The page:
Inji Efflatoun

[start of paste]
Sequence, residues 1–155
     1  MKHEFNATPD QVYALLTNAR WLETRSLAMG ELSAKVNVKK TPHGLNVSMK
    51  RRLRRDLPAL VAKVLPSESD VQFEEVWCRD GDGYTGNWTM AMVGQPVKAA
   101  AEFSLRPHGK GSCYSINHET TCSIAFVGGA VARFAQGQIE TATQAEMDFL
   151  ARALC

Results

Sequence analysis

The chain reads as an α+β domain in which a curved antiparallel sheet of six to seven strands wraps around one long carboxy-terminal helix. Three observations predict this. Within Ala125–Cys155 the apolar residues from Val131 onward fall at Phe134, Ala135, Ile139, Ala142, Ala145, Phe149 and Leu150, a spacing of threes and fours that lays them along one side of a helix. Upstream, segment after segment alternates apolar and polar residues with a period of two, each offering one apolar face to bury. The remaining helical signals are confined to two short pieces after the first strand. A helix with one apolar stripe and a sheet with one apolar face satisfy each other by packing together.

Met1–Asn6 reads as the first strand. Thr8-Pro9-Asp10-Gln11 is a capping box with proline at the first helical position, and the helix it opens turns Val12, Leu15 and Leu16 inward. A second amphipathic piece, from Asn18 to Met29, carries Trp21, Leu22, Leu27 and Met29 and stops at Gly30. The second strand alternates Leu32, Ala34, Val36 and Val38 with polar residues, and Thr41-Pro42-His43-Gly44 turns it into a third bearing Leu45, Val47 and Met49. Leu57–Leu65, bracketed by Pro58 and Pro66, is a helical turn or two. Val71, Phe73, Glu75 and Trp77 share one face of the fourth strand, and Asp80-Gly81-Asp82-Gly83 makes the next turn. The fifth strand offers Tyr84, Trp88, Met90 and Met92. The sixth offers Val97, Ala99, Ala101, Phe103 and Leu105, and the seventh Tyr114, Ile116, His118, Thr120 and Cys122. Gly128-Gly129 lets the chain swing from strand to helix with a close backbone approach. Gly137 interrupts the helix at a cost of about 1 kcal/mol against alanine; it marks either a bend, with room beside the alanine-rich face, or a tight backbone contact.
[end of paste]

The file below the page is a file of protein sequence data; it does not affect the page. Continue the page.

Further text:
(1924 - 1989) Born in Cairo in 1924, Efflatoun began painting during her younger years at school with the encouragement of her parents. Born into what she described as semi-feudal and bourgeois family, she was taught by her private art tutor, Kamel Al-Timisani, a leader in Egyptian surrealist collective called the Art and Freedom Group. Kamel introduced her to surrealist and cubist aesthetics as well as the life and struggles of the Egyptian peasants from which she drew inspiration for her paintings. This led people to astonishment as to why a girl from a rich family was so tormented as depicted in her paintings. She stopped painting from 1946 to 1948, considering that what she was painting no longer corresponded to her feelings. Her interest was later renewed after visiting Luxor, Nubia, and the Egyptian oases. During these trips, she had the opportunity to "penetrate the houses and sketch men and women at work”. She studied for a year with the Egyptian-born Swiss artist Margo Veillon. During this period, she made individual exhibits in Cairo and Alexandria and showed at the Venice Biennale in 1952 and the São Paulo Art Biennial in 1956. In 1956 she became friend with and was later influenced by the Mexican painter David Alfaro Siqueiros. She was able to continue painting during her imprisonment. Her early prison paintings are portraits, while the later are landscapes. In the years after her liberation, she exhibited in Rome and Paris in 1967, Dresden, East Berlin, Warsaw and Moscow in 1970, Sofia in 1974, Prague in 1975, New Delhi in 1979. Her paintings are filled with "lively brushstrokes of intense color" reminding some observers of Van Gogh or Bonnard. Her art of later years is characterised by an increasing use of large white spaces around her forms. A collection of her works is displayed at the Amir Taz Palace in Cairo.